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NO WOUNDING, NO BLESSING
A lingering illness nearly upset my plans to attend the 2015 Gathering of Friendly Mystics, but my prayer for healing, spoken with the fierce focus of desperation, was answered. The day before I was to travel, I woke knowing the sickness had finally run its course. I boarded my plane the next morning—groggy, slightly disoriented—a full hour earlier than I would normally be getting out of bed.
William James . . . speaks about the curing effect which occurs when he or any other patient dares to use the right name for his problem. . . . Traditionally, the way many have overcome the daimonic is by naming it. In this way, the human being forms personal meaning out of what was previously a merely threatening impersonal chaos. We need only to recall the crucial importance historically of knowing the particular name of the demon in order to expel him. . . . Names are holy. The naming gives one power over the other person or thing." (p. 167)A few pages on, he writes:
At some time, everyone must have been aware of how relieved he was when he went to the doctor with a troublesome illness and the doctor pronounced a name for it. . . . The relief . . . comes from the act of confronting the daimonic world of illness by means of the names." (pp. 172–173)These were my first clues that this naming thing was a bigger deal than I had recognized and that its power works at the level of the individual . . . one bite at a time. Later, when I went back and read sections of the Proceedings of the Second Gathering, I saw that I was a latecomer to this realization: "Though naming can appear identical to labeling, it has a Godly connotation to me," Stuart had written. Obviously, others had been there before me, and I had guides aplenty.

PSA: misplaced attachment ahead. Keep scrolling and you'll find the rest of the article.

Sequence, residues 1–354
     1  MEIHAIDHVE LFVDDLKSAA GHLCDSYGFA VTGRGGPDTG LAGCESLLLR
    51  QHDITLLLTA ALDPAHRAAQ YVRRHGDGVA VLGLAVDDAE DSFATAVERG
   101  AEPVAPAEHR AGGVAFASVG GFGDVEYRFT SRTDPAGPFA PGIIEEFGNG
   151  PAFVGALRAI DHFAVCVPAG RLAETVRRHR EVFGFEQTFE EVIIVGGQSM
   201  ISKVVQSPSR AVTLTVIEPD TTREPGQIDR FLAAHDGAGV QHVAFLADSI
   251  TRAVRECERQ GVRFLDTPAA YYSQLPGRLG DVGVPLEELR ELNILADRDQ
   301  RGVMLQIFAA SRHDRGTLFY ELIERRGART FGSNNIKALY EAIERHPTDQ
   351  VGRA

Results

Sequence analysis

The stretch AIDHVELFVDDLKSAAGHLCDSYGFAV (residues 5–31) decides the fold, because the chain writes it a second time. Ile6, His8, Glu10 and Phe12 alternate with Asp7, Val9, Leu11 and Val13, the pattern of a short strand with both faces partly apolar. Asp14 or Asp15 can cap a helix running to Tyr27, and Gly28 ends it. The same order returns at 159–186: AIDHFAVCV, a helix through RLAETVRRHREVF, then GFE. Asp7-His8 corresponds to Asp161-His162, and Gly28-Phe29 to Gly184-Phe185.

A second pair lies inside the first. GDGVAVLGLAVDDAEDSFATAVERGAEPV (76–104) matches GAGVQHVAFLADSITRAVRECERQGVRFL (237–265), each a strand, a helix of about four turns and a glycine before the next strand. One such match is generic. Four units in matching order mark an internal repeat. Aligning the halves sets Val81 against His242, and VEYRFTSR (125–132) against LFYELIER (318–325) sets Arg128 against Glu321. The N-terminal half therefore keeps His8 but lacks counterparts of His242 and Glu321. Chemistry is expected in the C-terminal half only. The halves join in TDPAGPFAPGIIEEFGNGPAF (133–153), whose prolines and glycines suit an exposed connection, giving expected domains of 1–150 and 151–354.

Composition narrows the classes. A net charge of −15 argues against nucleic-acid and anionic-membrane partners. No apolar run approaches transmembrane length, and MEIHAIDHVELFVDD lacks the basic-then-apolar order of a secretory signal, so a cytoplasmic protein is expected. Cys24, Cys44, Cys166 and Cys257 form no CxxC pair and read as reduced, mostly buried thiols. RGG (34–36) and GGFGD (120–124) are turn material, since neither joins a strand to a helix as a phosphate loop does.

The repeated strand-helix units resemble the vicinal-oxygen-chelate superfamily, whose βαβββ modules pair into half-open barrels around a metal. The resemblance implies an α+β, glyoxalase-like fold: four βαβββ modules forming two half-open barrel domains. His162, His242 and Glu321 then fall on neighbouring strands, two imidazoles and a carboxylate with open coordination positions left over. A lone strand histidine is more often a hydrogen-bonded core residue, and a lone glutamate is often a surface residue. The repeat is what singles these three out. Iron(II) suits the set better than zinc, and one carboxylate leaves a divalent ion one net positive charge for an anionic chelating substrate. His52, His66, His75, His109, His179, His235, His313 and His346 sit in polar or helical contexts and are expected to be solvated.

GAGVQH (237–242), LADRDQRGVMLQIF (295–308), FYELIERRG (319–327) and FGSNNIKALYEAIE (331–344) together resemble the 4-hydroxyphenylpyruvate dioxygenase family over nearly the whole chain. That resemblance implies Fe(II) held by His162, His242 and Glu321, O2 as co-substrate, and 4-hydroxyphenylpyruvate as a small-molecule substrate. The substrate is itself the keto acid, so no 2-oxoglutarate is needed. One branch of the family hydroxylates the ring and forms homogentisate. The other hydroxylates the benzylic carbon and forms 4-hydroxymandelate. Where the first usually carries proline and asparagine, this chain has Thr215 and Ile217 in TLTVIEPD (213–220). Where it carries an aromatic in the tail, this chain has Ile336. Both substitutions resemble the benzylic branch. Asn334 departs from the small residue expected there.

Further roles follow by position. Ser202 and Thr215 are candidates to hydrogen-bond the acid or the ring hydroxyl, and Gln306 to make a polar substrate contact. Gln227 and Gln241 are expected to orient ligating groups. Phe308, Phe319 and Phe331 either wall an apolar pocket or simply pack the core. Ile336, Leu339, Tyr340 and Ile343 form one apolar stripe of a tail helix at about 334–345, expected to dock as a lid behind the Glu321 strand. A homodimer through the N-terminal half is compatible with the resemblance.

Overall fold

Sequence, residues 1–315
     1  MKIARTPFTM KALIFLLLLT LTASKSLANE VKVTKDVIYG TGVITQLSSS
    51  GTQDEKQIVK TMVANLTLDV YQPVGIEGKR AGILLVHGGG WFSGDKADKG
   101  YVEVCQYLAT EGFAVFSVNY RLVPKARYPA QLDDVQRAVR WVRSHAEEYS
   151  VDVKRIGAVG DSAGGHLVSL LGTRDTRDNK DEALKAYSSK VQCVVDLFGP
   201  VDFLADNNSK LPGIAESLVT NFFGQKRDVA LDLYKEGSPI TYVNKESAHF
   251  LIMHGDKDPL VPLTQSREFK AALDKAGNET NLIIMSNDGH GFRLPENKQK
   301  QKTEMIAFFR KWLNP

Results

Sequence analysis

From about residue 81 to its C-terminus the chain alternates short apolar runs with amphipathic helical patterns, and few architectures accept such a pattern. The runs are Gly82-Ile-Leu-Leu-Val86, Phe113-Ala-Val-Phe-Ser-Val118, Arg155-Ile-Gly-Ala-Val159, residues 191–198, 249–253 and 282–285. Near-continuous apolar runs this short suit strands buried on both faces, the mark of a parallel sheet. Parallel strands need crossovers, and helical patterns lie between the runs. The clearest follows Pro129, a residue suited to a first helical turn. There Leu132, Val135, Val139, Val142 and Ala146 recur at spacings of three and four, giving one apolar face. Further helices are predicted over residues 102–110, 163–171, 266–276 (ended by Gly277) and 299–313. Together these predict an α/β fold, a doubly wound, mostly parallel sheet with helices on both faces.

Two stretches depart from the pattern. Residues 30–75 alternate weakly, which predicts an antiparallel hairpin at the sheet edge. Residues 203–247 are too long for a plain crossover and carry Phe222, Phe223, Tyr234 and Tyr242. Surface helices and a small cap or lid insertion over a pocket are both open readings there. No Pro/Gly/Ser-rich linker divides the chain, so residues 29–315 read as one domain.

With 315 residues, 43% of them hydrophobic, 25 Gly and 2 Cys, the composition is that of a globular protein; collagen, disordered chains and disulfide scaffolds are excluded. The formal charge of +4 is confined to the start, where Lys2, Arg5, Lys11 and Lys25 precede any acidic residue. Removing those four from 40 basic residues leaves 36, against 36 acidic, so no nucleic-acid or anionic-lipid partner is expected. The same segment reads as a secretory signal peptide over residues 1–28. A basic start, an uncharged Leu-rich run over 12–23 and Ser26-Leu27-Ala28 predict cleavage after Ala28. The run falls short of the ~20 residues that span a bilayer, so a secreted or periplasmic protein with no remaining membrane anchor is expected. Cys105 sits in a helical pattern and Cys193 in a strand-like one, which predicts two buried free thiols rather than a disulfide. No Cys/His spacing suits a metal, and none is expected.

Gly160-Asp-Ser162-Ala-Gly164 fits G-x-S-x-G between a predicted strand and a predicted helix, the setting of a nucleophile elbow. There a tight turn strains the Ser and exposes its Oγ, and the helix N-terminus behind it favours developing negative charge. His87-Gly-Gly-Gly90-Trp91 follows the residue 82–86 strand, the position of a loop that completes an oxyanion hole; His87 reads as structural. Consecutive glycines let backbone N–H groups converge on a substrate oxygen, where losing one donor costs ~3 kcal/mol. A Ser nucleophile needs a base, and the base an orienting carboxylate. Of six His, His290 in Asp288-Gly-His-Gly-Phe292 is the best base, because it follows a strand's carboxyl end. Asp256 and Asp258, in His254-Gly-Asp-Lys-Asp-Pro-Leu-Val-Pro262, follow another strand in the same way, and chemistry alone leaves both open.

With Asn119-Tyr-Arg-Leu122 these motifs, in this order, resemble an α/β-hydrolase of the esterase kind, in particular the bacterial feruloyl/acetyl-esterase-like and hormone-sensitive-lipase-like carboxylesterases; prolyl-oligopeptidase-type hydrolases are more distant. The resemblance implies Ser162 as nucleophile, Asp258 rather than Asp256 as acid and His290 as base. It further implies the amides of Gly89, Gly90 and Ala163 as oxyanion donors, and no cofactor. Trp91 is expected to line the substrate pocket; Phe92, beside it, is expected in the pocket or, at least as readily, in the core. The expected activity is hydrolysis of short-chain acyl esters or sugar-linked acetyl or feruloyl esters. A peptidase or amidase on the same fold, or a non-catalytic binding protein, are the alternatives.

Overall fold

Once I had recognized the special qualities of naming, the subject seemed to be everywhere in my reading. The word naming jumped out at me as I read theologian John Kselman's comments about the story of Rumpelstiltskin, in which the imp-like Rumpelstiltskin agrees to let a young woman out of a bad bargain—that she made under duress—if she can guess his name:
Until the name is learned, the princess will not be released. So the name has power. Knowledge of the name gives power to the person who overhears it and is finally able to reveal the name. (pp. 294–295).Later, when I pulled up notes on two books I'd read in the 1990s when I was writing on women and aging, my eye was caught by another power-of-word statement: